VMware sales jump to $3.2 billion aided by rising SaaS revenues

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O’Ryan Johnson

Broadcom CEO Hock Tan said in the May announcement of the $61 billion acquisition that he wants more of VMware’s revenue to come from subscription. VMware, which has also targeted higher subscription revenue rates, reported 20% growth in subscription revenue growth and 24% growth in its annual recurring revenue.

Raghu Raghuram, CEO of VMware, said the company’s sales met expectations in the recent quarter, rising 1%, aided by double-digit subscription revenue growth while the potential acquisition of the company by the chipmaker Broadcom advances.

“We demonstrated last quarter that our innovation engine is thriving as we introduced many new offerings across our portfolio, including VMware vSphere 8, VMware vSAN 8 and VMware Aria,” Raghuram said in a statement on Tuesday. “We remain engaged and committed to helping customers transform their businesses and unlock the full potential of multi-cloud.”

Sales for the third quarter of fiscal 2023 were $3.21 billion, up from $3.18 billion a year ago. Meanwhile, net income for the quarter fell 42% to $231 million from a year ago when it was $398 million.

[RELATED STORY: Broadcom’s Golden Parachute For Top 5 VMware Execs May Total $169.4M]

Broadcom CEO Hock Tan said in the May announcement of the $61 billion acquisition that he wants more of VMware’s revenue to come from subscription. VMware, which has also targeted higher subscription revenue rates, reported 20% growth in subscription revenue growth and 24% growth in its annual recurring revenue.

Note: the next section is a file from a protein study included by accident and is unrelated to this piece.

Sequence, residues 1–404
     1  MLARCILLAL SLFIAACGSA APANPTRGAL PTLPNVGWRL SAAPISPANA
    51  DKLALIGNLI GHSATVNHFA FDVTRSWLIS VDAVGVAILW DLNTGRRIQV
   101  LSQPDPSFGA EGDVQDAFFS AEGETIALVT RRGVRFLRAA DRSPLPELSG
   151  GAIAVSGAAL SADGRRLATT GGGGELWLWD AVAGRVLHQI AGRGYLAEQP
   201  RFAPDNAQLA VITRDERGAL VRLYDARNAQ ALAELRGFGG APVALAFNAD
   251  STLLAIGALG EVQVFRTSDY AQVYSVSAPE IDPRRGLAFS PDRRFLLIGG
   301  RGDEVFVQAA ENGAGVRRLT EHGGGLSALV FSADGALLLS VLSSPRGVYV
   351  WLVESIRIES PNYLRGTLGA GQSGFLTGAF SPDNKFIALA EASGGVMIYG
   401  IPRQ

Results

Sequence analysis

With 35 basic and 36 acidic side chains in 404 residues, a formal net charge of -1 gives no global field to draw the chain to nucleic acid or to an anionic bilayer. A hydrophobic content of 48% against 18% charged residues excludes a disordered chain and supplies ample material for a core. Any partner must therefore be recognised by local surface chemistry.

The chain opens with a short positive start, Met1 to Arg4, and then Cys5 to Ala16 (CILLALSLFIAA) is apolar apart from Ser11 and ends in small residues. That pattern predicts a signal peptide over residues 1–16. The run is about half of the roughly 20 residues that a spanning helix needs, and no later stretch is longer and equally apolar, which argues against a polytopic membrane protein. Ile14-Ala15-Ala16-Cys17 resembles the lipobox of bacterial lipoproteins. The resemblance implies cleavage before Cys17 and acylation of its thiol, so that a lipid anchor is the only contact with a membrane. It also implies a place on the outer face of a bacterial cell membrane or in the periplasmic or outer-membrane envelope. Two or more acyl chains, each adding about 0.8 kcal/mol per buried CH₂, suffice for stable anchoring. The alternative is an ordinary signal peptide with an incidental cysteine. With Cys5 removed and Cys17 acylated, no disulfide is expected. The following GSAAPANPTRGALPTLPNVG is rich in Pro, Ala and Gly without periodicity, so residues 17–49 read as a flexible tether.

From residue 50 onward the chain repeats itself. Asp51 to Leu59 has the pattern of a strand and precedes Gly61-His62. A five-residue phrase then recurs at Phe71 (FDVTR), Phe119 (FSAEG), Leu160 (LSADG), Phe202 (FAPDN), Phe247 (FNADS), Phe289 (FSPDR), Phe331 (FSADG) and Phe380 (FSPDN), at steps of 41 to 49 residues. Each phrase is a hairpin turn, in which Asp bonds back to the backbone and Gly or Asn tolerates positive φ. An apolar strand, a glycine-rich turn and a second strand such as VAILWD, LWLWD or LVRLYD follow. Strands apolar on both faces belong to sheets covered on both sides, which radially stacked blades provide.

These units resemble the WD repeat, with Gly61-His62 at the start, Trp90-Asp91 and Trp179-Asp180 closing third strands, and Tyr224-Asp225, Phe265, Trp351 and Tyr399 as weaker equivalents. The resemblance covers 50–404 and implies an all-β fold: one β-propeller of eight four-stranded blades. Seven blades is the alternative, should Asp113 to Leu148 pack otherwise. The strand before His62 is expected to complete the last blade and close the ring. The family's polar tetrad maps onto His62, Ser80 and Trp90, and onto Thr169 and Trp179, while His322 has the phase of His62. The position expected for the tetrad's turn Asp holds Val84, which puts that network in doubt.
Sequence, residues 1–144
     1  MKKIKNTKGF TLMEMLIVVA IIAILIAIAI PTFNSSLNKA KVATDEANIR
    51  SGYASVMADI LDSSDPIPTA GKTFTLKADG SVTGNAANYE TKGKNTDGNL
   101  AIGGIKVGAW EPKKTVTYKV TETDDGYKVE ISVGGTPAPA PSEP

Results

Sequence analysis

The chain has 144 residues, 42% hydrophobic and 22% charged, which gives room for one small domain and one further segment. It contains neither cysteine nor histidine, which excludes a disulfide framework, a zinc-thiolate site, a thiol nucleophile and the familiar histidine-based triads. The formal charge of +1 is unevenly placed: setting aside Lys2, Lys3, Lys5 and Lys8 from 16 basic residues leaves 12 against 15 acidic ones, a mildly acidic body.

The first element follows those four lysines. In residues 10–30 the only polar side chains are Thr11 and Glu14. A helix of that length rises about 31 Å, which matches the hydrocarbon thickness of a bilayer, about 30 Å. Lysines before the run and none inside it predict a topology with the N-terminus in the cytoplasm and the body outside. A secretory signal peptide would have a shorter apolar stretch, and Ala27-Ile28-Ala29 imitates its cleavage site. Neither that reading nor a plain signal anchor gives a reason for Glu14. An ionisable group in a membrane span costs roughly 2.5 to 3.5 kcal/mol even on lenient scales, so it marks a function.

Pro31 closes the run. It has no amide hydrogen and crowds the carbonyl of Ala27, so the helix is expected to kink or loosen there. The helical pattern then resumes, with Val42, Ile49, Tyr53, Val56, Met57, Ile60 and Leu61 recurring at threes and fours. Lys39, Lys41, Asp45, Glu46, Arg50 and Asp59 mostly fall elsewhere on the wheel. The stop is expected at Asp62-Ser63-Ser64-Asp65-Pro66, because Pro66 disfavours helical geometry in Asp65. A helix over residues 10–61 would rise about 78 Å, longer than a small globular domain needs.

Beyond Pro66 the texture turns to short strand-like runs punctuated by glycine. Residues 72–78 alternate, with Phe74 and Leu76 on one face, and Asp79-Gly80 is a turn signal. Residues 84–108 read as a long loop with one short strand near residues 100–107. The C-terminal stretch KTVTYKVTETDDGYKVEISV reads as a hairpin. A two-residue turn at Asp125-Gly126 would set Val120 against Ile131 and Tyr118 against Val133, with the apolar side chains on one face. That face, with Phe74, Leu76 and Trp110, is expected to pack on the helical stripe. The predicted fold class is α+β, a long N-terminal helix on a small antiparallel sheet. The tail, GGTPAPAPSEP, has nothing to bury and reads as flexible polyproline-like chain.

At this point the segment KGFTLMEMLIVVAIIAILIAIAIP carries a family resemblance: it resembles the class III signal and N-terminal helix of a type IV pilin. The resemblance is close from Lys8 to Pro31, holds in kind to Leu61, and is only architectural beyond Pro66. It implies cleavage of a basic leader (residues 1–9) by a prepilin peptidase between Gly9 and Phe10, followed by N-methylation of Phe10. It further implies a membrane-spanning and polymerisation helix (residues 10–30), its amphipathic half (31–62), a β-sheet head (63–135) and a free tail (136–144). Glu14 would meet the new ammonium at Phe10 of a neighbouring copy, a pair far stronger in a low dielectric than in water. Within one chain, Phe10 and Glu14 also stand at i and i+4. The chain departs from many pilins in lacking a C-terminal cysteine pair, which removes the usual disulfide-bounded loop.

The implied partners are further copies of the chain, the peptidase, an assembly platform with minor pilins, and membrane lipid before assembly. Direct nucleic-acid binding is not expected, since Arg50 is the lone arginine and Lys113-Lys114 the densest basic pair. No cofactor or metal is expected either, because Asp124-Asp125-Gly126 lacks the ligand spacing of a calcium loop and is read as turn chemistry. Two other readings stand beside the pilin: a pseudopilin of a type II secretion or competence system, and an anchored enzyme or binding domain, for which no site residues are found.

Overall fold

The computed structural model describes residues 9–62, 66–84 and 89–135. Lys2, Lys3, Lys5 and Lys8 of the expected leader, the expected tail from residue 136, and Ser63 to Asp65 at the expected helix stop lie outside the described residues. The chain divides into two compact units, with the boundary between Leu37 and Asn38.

All told, subscription revenue now accounts for 31 percent of the Palo Alto, California-based company’s total third-quarter sales.

“SaaS ARR growth of 24 percent reflects increased adoption of our portfolio of multi-cloud products and recently introduced customer programs,” said Zane Rowe, executive vice president and CFO at VMware, in a statement. “Continuing to meet the evolving needs of our customers, we grew our mix of subscription and SaaS revenue to 31% of our total revenue this quarter.”

VMware hasn’t hosted a public call to discuss earnings and answer analyst questions since Broadcom announced its intentions to buy the company on May 26. CRN reached out to VMware asking why they are now forgetting the practice but didn’t respond immediately.

VMware shareholders approved the merger on November 19. 4. The deal is now in the hands of regulators in the US and Europe.

A top customer concern about the merger is how Broadcom might change prices, said Gartner analyst Andrew Lerner. VMware CEO Raghu Raghuram spoke to CRN in October telling VMware partners to renew their customers now if they fear Broadcom hikes prices.

“For customers fearing Broadcom’s arrival and post-shutdown price hikes, there’s plenty of time. There are customers who have said, I want to come in and make an early commitment with VMware, do an early renewal, and we’re doing that all day long,” he said. “For partners, you need to be aware of that. If customers express a high degree of uncertainty and say, “What will VMware do?” Introduce certainty (by offering early renewal).”

VMware was forced to pay $8 million by the SEC in September for deceiving investors for two years by advancing sales from one quarter to the next quarter to help meet revenue goals. In fiscal 2020, VMware reportedly missed its earnings estimates in three quarters, the SEC said, had it not moved its sales figures from quarter to quarter.


    Learn more about O'Ryan Johnson

O’Ryan Johnson

O’Ryan Johnson is a veteran journalist. He covers the data center beat for CRN and hopes to hear from channel partners how he can improve his coverage and write the stories they want to read. He can be reached at ojohnson@thechannelcompany.com..


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